Matrix Service Company's (MTRX) CEO John Hewitt on Q2 2016 Results - Earnings Call Transcript

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Matrix Service Company (NASDAQ:MTRX)

Q2 2016 Results Earnings Conference Call

February 04, 2016, 10:30 AM ET


Kevin Cavanah - CFO

John Hewitt - President and CEO


Matt Duncan - Stephens

Martin Malloy - Johnson Rice

John Rogers - D.A. Davidson

Tahira Afzal - KeyBanc Capital Market

Dan Mannes - Avondale Partners


Good day, ladies and gentlemen, and welcome to the Matrix Service Company to discuss results for the second quarter ended December 31 conference call. [Operator Instructions]

I would now like to introduce your host for today's conference Mr. Kevin Cavanah, Chief Financial Officer. You may begin.

Kevin Cavanah

Thank you. I would now like to take a moment to read the following: Various remarks that the company may make about future expectations, plans and prospects for Matrix Service Company constitute forward-looking statements for purposes of the Private Securities Litigation Reform Act of 1995. Actual results may differ materially from those indicated by these forward-looking statements as a result of various factors, including those discussed in our annual report on Form 10-Q for fiscal year ended June 30, 2015, and in subsequent filings made by the company with the SEC. To the extent the company utilizes non-GAAP measures, reconciliations will be provided in various press releases and on the company's website.

I will now turn the call over to John Hewitt, President and CEO of Matrix Service Company.

John Hewitt

Thank you, Kevin. Good morning, everyone. Last quarter we discussed the difference between total recordable incident rate and loss timings in the rate and why at Matrix we hold ourselves to this standard. As it is a better representation of overall safety performance.

For the first six months of this fiscal year, LTIR stands at 0.64. The value holding ourselves to this high standard is a clear differentiator which was confirmed with the recent extension of our contract at BP Cherry Point Refinery where our team has been the primary on-site contractor providing turnaround, maintenance and repair services since 1995.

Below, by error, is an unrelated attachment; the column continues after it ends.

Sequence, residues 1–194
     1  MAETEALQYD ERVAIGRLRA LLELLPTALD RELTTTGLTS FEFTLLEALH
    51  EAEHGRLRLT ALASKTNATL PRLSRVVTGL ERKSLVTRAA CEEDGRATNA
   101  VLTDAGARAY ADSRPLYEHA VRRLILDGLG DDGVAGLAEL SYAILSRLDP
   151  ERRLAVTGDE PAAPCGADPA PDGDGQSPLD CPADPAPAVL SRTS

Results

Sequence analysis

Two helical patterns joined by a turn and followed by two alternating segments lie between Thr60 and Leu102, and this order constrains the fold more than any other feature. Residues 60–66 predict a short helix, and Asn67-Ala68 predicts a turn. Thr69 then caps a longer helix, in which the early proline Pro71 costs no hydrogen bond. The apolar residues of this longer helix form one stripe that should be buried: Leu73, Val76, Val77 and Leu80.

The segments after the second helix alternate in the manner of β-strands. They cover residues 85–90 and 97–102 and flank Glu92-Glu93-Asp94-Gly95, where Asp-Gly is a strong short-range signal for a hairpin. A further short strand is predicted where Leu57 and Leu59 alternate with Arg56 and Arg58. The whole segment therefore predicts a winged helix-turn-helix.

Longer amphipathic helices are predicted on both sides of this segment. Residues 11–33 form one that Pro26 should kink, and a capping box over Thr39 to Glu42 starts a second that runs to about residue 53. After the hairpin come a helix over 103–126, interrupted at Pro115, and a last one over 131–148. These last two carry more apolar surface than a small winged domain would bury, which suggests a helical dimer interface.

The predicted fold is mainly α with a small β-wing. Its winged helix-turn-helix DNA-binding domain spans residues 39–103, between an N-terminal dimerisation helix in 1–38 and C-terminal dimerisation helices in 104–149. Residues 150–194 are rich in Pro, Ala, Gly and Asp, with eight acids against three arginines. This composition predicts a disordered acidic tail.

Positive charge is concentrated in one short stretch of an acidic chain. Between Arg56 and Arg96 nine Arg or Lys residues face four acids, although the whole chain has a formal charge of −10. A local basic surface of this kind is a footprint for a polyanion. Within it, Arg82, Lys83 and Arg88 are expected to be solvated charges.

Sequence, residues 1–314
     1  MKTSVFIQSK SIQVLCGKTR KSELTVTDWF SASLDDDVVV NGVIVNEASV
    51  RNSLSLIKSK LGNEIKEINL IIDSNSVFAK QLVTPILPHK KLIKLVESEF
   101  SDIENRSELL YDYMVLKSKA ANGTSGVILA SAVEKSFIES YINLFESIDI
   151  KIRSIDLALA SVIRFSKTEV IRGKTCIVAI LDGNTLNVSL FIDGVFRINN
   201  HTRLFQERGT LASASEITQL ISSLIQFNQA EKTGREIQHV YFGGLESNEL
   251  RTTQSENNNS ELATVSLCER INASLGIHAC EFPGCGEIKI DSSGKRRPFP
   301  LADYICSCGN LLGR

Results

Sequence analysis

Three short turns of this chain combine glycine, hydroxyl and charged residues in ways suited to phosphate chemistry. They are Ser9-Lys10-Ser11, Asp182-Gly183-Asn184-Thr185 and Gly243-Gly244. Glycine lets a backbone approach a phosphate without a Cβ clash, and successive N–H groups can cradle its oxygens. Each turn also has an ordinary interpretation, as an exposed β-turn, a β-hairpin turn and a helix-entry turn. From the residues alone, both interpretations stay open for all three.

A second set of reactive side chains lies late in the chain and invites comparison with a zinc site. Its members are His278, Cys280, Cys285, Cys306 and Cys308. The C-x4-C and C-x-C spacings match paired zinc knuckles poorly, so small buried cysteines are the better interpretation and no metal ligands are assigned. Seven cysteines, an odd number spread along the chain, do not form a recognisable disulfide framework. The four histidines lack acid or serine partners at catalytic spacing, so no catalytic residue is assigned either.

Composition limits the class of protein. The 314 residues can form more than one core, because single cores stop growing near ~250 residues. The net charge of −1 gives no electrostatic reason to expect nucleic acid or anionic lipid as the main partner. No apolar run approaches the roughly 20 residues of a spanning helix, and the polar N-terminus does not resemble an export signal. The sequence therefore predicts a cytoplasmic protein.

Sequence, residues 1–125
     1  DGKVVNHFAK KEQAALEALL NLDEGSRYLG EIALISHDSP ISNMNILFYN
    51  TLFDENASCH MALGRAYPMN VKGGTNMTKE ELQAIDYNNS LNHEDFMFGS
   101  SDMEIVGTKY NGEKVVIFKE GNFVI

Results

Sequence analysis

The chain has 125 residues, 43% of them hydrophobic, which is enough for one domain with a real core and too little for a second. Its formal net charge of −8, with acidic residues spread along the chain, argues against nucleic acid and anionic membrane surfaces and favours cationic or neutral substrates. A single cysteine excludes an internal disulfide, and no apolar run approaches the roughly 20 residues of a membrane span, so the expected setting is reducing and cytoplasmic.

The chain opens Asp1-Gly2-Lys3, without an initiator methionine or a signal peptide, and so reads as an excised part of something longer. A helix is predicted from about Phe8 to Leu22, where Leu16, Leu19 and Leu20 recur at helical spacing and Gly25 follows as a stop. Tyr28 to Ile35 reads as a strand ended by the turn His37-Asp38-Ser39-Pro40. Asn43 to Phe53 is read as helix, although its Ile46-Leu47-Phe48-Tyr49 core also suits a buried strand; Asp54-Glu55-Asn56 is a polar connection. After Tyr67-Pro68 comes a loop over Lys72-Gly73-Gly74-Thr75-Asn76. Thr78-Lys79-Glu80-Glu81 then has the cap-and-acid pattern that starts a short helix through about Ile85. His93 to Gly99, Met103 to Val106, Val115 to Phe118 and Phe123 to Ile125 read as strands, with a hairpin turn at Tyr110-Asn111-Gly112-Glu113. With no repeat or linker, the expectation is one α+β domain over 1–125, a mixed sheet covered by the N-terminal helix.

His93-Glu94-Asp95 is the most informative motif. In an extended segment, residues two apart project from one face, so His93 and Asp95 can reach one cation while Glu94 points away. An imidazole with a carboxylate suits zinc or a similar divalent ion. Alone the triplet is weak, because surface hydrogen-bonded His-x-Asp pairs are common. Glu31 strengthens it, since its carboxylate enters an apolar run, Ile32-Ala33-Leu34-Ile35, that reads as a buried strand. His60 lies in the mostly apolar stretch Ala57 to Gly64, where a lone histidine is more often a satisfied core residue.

As you may know, working in that refinery is by nature dangerous and in an environment where an outage could mean temporary bringing on 700 or more new employees. Maintaining in a consistently growth TRIR can be challenging. Yet this team has achieved zero total recordable incidents rate year-after-year.

They stand as prove that our work can be completed with zero recordable incidents in the leading industry in our commitment to safety and build the culture in which that commitment drives. It is for these reasons that these operating unit has been recognized with our companies highest honor the 2015 Board of Directors safety award.

Matrix Service has been recognized as a contractor responsible for starting the safety revival at the BP Cherry Point and has set the new standard of excellence by which all other contractors are measured. Together with exceptional quality work, it is also the safety record that allowed Matrix Service to recently be awarded a five year contract extension guided at nearly $4 million man-hours.

I’m extremely proud that the safety leadership and culture Matrix Service and his team has built at BP Cherry Point. Please join me in congratulating those achievements.

Moving on, I want to set the stage for today's call by discussing current market conditions, and the effect of those conditions have on our various operating segments.

I also want to spend some time discussing our company's growth strategy, the strength of that strategy and how especially in times like this its brings value to our employees and our company and shareholders.